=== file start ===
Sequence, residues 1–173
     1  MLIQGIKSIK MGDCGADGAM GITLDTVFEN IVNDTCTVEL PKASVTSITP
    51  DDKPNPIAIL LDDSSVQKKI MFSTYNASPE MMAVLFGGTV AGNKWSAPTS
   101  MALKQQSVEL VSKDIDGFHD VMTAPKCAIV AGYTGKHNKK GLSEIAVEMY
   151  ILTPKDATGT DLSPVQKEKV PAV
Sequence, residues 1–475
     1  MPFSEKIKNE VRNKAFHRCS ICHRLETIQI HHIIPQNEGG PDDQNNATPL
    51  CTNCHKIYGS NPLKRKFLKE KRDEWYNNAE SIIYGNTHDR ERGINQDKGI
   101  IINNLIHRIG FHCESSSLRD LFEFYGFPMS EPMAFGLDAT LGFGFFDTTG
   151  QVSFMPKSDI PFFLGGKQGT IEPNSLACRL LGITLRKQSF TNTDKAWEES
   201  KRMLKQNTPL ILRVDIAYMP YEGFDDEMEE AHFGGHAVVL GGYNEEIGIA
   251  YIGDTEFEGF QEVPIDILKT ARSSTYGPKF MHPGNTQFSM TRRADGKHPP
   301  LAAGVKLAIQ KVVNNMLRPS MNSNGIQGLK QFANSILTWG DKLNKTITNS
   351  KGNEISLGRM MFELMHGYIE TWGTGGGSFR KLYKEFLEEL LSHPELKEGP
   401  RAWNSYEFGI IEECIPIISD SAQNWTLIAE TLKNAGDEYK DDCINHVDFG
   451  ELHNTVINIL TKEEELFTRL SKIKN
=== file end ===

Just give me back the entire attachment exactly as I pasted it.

Sequence, residues 1–173
     1  MLIQGIKSIK MGDCGADGAM GITLDTVFEN IVNDTCTVEL PKASVTSITP
    51  DDKPNPIAIL LDDSSVQKKI MFSTYNASPE MMAVLFGGTV AGNKWSAPTS
   101  MALKQQSVEL VSKDIDGFHD VMTAPKCAIV AGYTGKHNKK GLSEIAVEMY
   151  ILTPKDATGT DLSPVQKEKV PAV
Sequence, residues 1–475
     1  MPFSEKIKNE VRNKAFHRCS ICHRLETIQI HHIIPQNEGG PDDQNNATPL
    51  CTNCHKIYGS NPLKRKFLKE KRDEWYNNAE SIIYGNTHDR ERGINQDKGI
   101  IINNLIHRIG FHCESSSLRD LFEFYGFPMS EPMAFGLDAT LGFGFFDTTG
   151  QVSFMPKSDI PFFLGGKQGT IEPNSLACRL LGITLRKQSF TNTDKAWEES
   201  KRMLKQNTPL ILRVDIAYMP YEGFDDEMEE AHFGGHAVVL GGYNEEIGIA
   251  YIGDTEFEGF QEVPIDILKT ARSSTYGPKF MHPGNTQFSM TRRADGKHPP
   301  LAAGVKLAIQ KVVNNMLRPS MNSNGIQGLK QFANSILTWG DKLNKTITNS
   351  KGNEISLGRM MFELMHGYIE TWGTGGGSFR KLYKEFLEEL LSHPELKEGP
   401  RAWNSYEFGI IEECIPIISD SAQNWTLIAE TLKNAGDEYK DDCINHVDFG
   451  ELHNTVINIL TKEEELFTRL SKIKN